Outdoors Magazine

The Rudeness of Strangers

By Everywhereonce @BWandering

I Love NY FU

After spending the last three and a half years traveling around the U.S. we’ve come to at least one definitive conclusion: we New Yorkers get a bum wrap. For a long time, most of our lives actually, we assumed the stereotypes must be true. Everyone agreed, after all. New Yorkers are rude. A poll released this week, and The New York Post’s coverage of said poll, both confirmed it. But now, having meandered from coast to coast, from north to south, we’ve come to a different conclusion.

New Yorkers ain’t got nothing on some y’all.

We’re not even talking about the strange habit of non-city-dwellers to stand in the most inconvenient places; in the middle of sidewalks, in doorways, or – for crying out loud – the tops and bottoms of escalators.

No, what we’re thinking about today is the kind of conversation we’ve had with countless strangers over the years. Small details change from person to person but the general outline goes something like this:

Stranger: “Where in Texas you from?” Says a man (always a man) who stops to admire our Texas license plates

Us: “We’re not actually from Texas. We’re originally from New York.”

Stranger: “New York, huh? Better you than me. I wouldn’t be caught dead living there.”

At that point any normal person might feel justified in responding “So you choose to live here instead? Have you ever considered moving out of jerkwaterville to some place real?”

Of course we never actually say that. Why? Because we’re not dicks.

Usually we just nod and quietly hope the person will go away. Most of the time we’re not that lucky. On particularly unlucky days the stranger just transitions from insult to politics. We try not to indulge. “Nice day, today, huh?”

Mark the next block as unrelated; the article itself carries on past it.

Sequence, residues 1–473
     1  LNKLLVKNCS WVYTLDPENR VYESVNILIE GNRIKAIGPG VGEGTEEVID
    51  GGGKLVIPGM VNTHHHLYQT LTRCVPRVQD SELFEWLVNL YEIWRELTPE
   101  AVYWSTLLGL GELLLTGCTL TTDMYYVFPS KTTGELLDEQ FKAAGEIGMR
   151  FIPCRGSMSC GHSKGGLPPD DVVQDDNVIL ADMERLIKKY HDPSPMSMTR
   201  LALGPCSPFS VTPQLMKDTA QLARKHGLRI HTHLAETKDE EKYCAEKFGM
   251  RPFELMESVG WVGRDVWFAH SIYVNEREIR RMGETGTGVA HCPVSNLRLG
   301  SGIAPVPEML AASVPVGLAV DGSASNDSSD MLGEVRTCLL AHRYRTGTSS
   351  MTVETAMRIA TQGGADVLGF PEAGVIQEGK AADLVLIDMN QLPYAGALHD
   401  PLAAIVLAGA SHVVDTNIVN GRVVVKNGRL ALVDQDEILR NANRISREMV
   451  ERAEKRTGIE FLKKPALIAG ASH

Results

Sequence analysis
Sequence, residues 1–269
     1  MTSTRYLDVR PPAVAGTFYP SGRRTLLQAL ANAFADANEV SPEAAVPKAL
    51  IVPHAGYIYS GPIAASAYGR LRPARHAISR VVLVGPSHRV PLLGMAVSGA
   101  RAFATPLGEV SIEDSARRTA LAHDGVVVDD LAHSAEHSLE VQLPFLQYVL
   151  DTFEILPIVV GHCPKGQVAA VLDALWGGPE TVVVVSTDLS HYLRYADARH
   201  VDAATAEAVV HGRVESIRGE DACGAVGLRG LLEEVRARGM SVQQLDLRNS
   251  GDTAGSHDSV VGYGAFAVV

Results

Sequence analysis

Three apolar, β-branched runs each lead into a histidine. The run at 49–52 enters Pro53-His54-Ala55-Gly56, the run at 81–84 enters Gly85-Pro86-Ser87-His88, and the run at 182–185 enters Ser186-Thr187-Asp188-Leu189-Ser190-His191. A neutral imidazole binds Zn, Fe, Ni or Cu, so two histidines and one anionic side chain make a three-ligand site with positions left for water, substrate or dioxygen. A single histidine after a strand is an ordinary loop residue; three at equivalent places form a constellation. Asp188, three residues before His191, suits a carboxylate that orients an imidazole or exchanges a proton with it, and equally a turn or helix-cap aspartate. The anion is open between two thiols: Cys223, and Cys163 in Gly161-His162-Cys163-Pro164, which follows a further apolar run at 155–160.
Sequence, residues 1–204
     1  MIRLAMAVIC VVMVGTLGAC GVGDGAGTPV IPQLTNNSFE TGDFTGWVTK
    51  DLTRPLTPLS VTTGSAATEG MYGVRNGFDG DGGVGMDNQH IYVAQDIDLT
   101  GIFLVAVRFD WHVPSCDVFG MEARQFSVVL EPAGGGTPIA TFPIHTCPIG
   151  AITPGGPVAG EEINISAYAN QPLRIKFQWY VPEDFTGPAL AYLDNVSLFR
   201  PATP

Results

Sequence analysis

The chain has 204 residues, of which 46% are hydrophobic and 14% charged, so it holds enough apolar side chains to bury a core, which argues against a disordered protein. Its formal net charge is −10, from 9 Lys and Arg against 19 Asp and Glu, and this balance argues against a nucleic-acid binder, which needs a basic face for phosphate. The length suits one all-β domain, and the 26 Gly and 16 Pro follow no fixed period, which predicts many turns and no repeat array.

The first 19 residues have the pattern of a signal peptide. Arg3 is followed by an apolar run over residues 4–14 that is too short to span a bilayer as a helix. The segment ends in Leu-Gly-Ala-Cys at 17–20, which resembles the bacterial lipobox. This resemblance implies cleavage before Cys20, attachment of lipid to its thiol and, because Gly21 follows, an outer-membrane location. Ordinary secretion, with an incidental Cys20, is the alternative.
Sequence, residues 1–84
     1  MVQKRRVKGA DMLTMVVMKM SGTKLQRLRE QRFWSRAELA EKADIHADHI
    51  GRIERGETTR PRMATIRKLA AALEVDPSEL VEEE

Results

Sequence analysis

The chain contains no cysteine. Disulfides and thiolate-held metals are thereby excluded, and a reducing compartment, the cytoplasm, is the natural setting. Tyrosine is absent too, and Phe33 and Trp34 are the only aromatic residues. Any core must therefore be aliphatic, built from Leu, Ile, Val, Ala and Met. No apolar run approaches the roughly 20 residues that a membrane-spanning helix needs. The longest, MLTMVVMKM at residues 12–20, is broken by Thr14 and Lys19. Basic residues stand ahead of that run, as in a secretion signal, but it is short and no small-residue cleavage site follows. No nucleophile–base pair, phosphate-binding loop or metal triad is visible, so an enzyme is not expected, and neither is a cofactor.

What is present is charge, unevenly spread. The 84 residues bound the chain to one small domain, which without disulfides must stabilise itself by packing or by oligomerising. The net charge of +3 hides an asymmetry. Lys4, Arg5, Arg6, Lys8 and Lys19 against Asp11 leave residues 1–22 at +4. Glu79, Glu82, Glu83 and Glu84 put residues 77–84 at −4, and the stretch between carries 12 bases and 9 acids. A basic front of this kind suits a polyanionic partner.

We're not from texas

The disturbing thing is that none of these people ever seem the slightest bit self-conscious about trashing the hometown of people they just met. They do it reflexively, as if suffering from some form of Tourette’s syndrome. I’m not a doctor, so I can’t say for sure. But I do have a theory.

The ease with which they insult us, often with a knowing smile – sometimes even a wink – leads me to believe they’re not deliberately offensive. They’re simply clueless.

In their insular worldview no one would ever choose to live in New York. Certainly they wouldn’t. None of their friends would. Hell, nobody they know has ever been there so they can’t imagine why anyone would actually want to live in such a place.

It’s not an insult, or even an opinion. You see. It’s an undisputed fact.

Never mind that the 20 million people who have chosen to live in New York State might disagree. Of course, to consider that point you’d have to first know that New York is not just a city, but an entire state; one with beautiful open spaces, rolling hills, babbling brooks, hardworking farmers and, yes, even god-fearing Republicans.

On at least one blessed occasion we were spared all of this aggravation. That guy, upon hearing we weren’t Texans, turned on his heels, got in his car, and drove away without another word. We were stunned.

Now we’re just grateful. Silence is such a beautiful thing. Some people should use it more often.

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